Lately it seems like the most dangerous threats are the ones we can’t see. Earlier this month the Northwestern School of Medicine and Chicago Public Schools discovered that more than 38 CPS students and administrators were treated with emergency medication related to severe allergy reactions during the 2012-2013 academic year, requiring treatment through the use of emergency EAIs (Epinephrine Auto-Injectors, more commonly known as EpiPens). Ninety two percent of those treated were students and almost half of the people involved had no known history of allergies. In many cases, the reactions proved to be life threatening.
State and federal lawmakers have wrestled with the idea of stockpiling epinephrine in schools for years. Only recently have they made strides to improve access to epinephrine medication. In November of 2013, President Obama signed a bipartisan bill that offers financial incentives for states, so long as schools in those states carry epinpephrine medication. Almost every state in the U.S., with the exception of New Hampshire, according to Food Allergy Medication & Research, Inc., has passed or is considering legislation that would require or improve access to epinephrine stockpiles. Just last year, according to the Daily Northwestern, 41 states passed policies encouraging schools to stock EAI medication.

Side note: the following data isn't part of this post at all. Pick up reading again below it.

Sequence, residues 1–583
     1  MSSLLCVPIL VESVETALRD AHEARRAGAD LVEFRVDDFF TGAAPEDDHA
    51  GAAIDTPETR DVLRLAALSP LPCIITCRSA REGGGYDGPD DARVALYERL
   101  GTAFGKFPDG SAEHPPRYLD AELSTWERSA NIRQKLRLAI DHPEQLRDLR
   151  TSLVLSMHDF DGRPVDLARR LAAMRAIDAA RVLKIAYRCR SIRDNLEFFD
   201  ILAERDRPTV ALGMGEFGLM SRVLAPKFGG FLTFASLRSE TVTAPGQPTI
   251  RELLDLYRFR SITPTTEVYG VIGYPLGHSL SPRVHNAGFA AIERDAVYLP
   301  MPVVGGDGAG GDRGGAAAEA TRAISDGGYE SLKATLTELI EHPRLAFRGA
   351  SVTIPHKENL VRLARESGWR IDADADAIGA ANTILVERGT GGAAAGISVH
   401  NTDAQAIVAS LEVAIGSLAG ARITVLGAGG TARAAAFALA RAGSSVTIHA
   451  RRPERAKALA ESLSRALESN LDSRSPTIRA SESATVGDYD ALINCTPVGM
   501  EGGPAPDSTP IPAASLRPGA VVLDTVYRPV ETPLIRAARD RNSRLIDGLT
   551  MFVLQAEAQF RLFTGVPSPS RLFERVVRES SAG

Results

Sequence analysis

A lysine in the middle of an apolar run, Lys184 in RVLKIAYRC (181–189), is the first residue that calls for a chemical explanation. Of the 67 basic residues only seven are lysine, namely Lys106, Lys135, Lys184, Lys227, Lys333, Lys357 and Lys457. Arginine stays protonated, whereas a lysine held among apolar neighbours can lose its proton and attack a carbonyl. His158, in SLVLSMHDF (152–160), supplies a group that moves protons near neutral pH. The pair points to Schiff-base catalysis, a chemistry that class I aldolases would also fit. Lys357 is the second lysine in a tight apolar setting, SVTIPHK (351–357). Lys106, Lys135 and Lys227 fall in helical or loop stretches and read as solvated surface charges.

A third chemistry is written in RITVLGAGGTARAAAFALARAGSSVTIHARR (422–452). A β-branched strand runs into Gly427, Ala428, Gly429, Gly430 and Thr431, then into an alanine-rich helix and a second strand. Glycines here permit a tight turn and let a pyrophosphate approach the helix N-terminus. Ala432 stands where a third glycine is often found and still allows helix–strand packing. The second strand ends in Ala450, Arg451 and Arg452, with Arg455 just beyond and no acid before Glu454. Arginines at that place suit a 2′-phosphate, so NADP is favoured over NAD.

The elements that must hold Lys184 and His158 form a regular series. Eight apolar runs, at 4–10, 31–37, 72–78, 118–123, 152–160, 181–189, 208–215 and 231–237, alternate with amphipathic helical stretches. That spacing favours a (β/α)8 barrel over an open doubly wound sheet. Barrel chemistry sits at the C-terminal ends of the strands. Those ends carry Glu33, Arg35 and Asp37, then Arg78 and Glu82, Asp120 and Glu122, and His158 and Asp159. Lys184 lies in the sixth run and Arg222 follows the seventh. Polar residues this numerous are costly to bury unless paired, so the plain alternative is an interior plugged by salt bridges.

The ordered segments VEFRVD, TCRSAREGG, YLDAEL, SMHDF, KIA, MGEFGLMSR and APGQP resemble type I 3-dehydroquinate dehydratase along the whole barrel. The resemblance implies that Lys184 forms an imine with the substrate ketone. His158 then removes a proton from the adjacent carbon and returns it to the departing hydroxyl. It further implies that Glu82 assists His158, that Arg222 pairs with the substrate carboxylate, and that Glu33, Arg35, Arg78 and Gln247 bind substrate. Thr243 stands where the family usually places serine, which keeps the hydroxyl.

This latest finding by Northwestern underscores the necessity of preparedness. CPS is one of the first urban school districts to carry EAI medication in its public and charter schools, a fact that may once been considered a rarity. In the cases of children, allergies have been on the rise. Roughly 1 in 13 kids has some type of food allergy, averaging out to roughly two kids per classroom.
On November 3, Tricia Prebil, a local school nurse, was honored by her school district for treating a school bus driver who suffered a life-threatening allergy reaction, says the Chicago Tribune. Prebil used an EpiPen, which wouldn’t have been possible just a few short months ago. Before August 1 of 2014, EpiPens admins were only allowed to use EpiPens for students who previously had medical approval.
EpiPens have been available for more than 25 years. Between 1987 – 2013 roughly 47 million auto-injectors have been dispensed, according to data from IMS Health.